Monday, August 12, 2013

Bullet To The Head (2012)

A 80's style Actioner that would have felt great in the Eighties! 

Bullet To The Head (2012) is the new or should I say, the most recent Sylvester Stallone action picture that you might get to see.  Based on the graphic novel created by Alexis Nolent and illustrator Colin Wilson called "Du plomb dans la tete", it might have played well in the 80's or even in the mid 90's but now, (in spite of a superstar like Stallone for support) it simply feels dated and uninteresting. 

The film stars Stallone as Jimmy Bobo, (it is listed as Jimmy Bonomo on IMDB, but in the film he is called Jimmy Bobo) an enforcer for the mob whose partner is killed while they are in a bar after a hit. Enter Taylor Kwon (Sung Kang from the Fast and The Furious films, most notably) a cop whose partner was killed by the same assassin that took out Bobo's partner. So, in standard 80's style formulaic story telling, the two join forces to avenge their partners deaths. 

The main nemesis of our film's heroes is the refrigerator sized Keegan played by Jason Momoa, last seen as Conan in the 2011 remake. Here Keegan is a huge lumbering oaf that kills at the drop of a hat and does so with glee. Momoa is perfectly cast and shows he has charisma as a villain giving Bobo a run for his money. There are some brief moments of fun in this film, but the script only gives Stallone most of the meat to work with and he does have some funny lines. 

One surprise is Christian Slater who plays a sleazy mob lawyer and is terrific in this film. He is such a sloppy cad that he almost steals the picture. I would have liked to see more of him as he brings the films energy when he is one screen. The interrogation scene with him strapped to a chair is priceless. Maybe they should have given him a larger part and made him a more integral part of the story. 

Bullet To The Head is helmed by ace old school director Walter Hill, who is usually able to craft an action film but gives us interesting characters that we are involved with.  He is after all, a protege of the late, great action director Sam Peckinpah who wrote and directed much better films that are the same lines as BTTH. Most notably, 48 Hours which gave birth to a then unknown Eddie Murphy and Red Heat with Arnold Schwarzenegger and James Belushi - a buddy action cop thriller. Needless to say, both of these films are much better than BTTH.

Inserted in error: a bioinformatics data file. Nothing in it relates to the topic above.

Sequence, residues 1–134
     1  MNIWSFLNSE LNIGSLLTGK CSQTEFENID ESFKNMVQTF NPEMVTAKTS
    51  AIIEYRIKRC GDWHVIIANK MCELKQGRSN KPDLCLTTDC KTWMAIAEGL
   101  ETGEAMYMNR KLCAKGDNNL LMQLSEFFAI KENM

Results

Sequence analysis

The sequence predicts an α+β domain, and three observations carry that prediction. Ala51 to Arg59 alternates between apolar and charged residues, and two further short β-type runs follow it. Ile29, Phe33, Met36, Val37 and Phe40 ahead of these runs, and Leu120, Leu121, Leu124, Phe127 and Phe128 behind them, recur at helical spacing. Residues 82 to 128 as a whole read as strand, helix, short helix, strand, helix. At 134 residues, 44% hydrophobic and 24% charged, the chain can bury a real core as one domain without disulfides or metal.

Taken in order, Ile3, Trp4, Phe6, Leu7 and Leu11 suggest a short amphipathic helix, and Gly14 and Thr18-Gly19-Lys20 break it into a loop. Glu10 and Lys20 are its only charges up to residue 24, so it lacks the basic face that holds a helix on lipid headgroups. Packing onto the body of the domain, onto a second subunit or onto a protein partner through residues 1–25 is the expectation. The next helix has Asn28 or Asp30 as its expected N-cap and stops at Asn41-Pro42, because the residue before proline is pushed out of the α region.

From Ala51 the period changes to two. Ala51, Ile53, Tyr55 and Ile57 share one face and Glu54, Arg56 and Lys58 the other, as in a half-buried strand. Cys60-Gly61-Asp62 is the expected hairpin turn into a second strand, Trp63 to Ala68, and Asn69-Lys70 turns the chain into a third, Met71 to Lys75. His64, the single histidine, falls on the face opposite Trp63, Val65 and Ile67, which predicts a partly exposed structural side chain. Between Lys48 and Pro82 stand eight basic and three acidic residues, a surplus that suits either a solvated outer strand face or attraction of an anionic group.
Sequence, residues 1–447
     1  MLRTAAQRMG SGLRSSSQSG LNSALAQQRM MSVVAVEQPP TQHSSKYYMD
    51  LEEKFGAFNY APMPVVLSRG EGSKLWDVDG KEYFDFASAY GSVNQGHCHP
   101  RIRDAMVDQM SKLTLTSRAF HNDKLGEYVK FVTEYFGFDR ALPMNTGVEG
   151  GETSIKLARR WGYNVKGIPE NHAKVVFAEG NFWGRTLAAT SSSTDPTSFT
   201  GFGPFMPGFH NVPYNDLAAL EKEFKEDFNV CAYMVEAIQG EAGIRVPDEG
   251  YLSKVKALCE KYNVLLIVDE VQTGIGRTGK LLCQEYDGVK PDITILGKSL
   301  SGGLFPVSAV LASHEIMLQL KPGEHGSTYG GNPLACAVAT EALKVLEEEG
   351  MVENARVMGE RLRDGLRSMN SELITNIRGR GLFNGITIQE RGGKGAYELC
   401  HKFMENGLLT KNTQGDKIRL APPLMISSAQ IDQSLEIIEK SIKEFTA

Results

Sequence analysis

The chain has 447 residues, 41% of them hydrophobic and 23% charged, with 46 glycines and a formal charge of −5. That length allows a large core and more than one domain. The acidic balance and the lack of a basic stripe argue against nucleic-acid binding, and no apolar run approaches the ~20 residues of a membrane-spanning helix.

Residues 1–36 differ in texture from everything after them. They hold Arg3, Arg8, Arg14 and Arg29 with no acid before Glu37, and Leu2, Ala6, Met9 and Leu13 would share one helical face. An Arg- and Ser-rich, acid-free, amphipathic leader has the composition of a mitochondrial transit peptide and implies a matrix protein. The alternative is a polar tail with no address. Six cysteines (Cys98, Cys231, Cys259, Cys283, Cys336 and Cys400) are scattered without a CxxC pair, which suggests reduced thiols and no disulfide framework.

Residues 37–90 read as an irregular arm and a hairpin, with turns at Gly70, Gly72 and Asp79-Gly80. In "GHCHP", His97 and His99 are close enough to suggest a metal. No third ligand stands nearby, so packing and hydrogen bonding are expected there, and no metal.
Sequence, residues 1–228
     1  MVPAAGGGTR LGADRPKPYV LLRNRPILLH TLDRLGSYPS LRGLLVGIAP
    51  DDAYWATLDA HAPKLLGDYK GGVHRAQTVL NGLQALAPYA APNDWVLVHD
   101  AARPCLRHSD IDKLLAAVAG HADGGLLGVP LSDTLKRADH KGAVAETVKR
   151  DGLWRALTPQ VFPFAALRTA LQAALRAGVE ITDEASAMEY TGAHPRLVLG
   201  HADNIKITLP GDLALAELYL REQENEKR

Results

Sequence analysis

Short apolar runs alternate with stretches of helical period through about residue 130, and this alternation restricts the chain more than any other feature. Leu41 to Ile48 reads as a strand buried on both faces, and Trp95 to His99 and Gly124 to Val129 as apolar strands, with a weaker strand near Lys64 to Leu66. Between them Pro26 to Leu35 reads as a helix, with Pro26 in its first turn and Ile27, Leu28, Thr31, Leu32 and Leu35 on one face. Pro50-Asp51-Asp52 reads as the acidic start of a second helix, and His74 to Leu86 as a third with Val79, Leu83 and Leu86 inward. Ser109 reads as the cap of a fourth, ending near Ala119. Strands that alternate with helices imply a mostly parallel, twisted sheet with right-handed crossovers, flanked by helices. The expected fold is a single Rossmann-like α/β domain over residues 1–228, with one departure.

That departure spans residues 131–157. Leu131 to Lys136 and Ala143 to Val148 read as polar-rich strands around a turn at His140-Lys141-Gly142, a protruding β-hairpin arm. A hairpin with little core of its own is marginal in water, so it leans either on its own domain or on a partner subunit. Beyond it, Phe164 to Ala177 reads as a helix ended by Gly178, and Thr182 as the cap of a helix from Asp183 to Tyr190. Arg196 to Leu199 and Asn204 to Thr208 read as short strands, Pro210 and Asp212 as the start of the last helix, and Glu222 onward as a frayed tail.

Excluding the action scenes, BTTH is filled with lame silly dialogues and the acting from Sung Kang is pretty thin. He seems to be adopting the same tempered character as in the Fast and the Furious films, consequently, his character comes out pretty hollow. So, the film's strongest point is solely Stallone, who is now in his 60's but looks at least like he is in his early fifties. He can still do action scenes very well and is believable as you can see in this movie.

Anyway, if the film has another positive point besides Stallone, it is Steve Mazzaro's score. He is a newcomer that up until BTTH had only scored a short film called The Seance. Mazzaro has only worked in a supporting role assisting legends like Hans Zimmer and composing music for some video games. Here, Mazzaro has composed a macho, testosterone laden score (produced by Hans Zimmer) that pulsates with metallic guitars and synth percussion that is in keeping with a Stallone film. I was impressed with his score and would recommend it for your consideration especially if you are into action themed scores.

BTTH (although not entirely awful) certainly could have been a lot more interesting.  The action mayhem and the script penned by Alessandro Camon does offer fleeting moments of enjoyment but good moments does not a movie make! Unless you are a die hard Stallone fanatic, Bullet To The Head ends up being pretty predictable and you won't likely remember this film as one of Stallone's better ones. Bullet To The Head-** out of 4.  JohnnyTwoToes


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